When I lived in Venezuela, I was inundated with polar opposite media coverage. State-controlled media lauded President Chavez's accomplishments while mainstream American and European media brandished him a caudillo, or political-military strongman, running an authoritarian regime. Today these Western media continue shouting that Chavez has undermined term-limit laws (term-limits were eliminated in 2009 referendum) and appointed unqualified cronies to critical political posts.
Fast forward to "maybe he'll run, maybe he won't" presidential candidate Mike Bloomberg. Bloomberg was first elected New York City's mayor in 20001, then re-elected in 2005. In two referendums in the 90's, the public overwhelmingly supported a two-term limit for the mayor's office yet Bloomberg didn't let these referendums thwart his ambition. He pushed the City Council to extend the term-limits to three terms for elected city offices. He then opened his massive wallet, spending $102 million of his own fortune to barely purchase the 2009 NYC mayoral race - paying a price of about $174 per vote. Adding a further slap in the face of democracy, a referendum was placed on the 2010 ballot limiting these same offices to only two-terms, except for those already in office - an egregious grandfather clause designed solely to protect those already in office. The people again spoke clearly by passing this term-limit referendum, many unaware of City Council's grandfather clause trick.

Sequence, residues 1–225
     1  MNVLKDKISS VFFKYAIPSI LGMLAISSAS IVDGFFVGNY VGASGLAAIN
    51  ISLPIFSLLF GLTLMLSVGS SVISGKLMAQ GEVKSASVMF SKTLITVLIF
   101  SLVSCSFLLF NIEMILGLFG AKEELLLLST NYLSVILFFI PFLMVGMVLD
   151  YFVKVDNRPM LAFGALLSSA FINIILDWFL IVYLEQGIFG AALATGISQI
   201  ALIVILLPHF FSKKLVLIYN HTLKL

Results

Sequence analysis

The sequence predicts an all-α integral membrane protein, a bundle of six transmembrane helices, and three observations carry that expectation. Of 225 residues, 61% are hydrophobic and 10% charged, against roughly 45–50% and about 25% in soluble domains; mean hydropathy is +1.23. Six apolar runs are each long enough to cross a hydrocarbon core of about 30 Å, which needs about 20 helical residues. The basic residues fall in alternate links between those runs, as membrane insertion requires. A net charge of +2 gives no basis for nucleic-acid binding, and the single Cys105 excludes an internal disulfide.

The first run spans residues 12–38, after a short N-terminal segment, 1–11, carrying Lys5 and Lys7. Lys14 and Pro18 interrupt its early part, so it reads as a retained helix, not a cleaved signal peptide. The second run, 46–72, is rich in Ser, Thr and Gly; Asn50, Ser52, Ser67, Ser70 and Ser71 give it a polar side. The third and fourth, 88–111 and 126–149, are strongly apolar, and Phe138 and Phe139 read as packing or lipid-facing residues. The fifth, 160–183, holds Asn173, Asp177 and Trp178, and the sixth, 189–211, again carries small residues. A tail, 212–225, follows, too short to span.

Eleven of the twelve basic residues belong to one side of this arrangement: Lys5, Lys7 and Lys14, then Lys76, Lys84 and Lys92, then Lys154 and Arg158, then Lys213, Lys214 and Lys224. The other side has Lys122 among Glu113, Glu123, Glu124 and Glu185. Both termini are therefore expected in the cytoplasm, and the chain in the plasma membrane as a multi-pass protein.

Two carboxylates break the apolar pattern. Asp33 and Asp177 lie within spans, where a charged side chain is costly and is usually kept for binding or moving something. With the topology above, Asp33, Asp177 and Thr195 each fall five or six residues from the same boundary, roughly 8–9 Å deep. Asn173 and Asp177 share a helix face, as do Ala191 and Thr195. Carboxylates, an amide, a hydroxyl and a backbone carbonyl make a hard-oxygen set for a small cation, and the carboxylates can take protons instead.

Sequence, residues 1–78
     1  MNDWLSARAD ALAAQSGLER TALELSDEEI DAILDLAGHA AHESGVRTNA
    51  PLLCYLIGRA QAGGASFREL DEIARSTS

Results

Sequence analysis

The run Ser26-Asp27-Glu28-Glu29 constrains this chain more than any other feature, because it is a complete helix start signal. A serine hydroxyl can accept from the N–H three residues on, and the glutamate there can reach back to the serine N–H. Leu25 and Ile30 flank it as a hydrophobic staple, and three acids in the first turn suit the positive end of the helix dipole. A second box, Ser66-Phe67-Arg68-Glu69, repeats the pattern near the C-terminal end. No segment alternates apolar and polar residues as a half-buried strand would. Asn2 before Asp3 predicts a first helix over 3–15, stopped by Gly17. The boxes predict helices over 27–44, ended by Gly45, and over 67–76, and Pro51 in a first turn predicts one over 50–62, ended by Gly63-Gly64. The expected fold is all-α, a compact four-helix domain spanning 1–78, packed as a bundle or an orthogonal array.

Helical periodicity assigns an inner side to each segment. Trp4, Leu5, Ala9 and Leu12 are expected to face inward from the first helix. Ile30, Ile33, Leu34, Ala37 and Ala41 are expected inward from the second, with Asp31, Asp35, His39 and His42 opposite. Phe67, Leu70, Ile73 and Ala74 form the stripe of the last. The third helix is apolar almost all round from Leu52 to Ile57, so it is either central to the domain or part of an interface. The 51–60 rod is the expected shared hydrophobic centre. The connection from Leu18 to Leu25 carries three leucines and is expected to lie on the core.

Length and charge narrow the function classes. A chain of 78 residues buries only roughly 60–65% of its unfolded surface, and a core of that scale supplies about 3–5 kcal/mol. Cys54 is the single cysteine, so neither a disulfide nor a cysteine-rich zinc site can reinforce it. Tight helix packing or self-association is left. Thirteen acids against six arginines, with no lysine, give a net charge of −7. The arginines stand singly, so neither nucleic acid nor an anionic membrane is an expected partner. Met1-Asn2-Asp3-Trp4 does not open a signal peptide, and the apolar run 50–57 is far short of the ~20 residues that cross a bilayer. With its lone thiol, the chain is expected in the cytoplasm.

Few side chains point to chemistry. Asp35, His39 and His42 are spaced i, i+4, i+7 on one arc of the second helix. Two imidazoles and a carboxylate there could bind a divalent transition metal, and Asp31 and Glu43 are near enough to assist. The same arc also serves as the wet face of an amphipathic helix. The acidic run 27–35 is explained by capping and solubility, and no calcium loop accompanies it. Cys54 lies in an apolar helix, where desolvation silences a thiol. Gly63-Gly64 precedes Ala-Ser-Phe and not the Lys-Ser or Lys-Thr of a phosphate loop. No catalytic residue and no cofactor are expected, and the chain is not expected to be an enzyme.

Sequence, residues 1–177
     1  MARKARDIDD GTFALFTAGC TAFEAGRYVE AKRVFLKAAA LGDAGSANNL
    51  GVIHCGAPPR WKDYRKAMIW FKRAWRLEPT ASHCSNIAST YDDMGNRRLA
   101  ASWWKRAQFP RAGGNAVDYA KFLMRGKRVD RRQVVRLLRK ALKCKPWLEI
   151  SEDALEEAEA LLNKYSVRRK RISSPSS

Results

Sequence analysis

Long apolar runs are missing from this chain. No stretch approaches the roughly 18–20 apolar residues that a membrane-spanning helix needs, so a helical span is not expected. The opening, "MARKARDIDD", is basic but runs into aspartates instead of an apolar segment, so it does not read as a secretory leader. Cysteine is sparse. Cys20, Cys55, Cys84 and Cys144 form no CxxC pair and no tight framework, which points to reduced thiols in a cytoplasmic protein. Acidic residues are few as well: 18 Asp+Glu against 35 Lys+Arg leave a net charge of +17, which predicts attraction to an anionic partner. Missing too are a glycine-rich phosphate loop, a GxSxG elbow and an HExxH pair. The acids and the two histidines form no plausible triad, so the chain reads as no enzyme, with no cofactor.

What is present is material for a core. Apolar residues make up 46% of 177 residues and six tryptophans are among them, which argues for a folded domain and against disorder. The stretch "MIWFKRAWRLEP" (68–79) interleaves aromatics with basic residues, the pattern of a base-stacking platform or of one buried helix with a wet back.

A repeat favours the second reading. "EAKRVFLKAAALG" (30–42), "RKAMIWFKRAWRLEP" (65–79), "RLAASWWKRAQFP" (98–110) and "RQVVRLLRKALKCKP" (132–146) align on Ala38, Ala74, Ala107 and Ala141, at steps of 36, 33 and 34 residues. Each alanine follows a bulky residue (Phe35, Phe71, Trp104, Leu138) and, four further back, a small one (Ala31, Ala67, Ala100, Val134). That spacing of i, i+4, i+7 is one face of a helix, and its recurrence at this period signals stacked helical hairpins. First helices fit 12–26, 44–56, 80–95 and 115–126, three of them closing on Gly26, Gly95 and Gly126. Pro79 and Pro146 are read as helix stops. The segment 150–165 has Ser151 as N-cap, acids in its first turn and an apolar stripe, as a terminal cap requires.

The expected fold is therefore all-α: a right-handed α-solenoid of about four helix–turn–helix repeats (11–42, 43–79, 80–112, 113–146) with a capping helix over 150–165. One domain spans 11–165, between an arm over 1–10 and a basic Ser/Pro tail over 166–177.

Bloomberg has now anointed Cathleen Black to be chancellor of New York City's Department of Education. She has no background in education, but rather was the chairwoman of Hearst magazines. Bloomberg jammed this candidate down New York's throat with the minor concession that she will have an assistant that has some education experience. We've all heard the CEO analogy - top leaders are a special breed of human who can reinvent organizations without knowing any details so job-specific knowledge is irrelevant. This free-agent CEO myth always works well for the CEO, regardless of whether the company (or in this case, students) benefit.
Just like the head of FEMA should know something about emergencies, an education leader should know something about education. Surely there were highly qualified candidates with a success record in education that wanted to lead the educational system of America's largest city.
This appointment is nothing more than cronyism and should never be defended with pathetic analogies about the corporate world or arguments about the "value of being uncluttered with experience." As a product of the New York City public school system, I am painfully aware that the students need support, not for Mike to help out a friend.
When the rumors of Bloomberg's potential presidential run strengthen, please recall that in a democracy, democratic leaders need to believe that the power belongs to the people. An elected official that ignores public referendums and appoints unqualified cronies is many things, but a believer in democracy is not one of them. For those who support Bloomberg's presidential candidacy aspirations, I ask you, does America need another president that spits in the face of the populace? Hasn't our Constitution been stomped on enough?
Recently, a friend of mine who's never lived outside the US asked me, "What's it like living in corrupt, undemocratic countries?" I replied, "Let's take a walk to City Hall."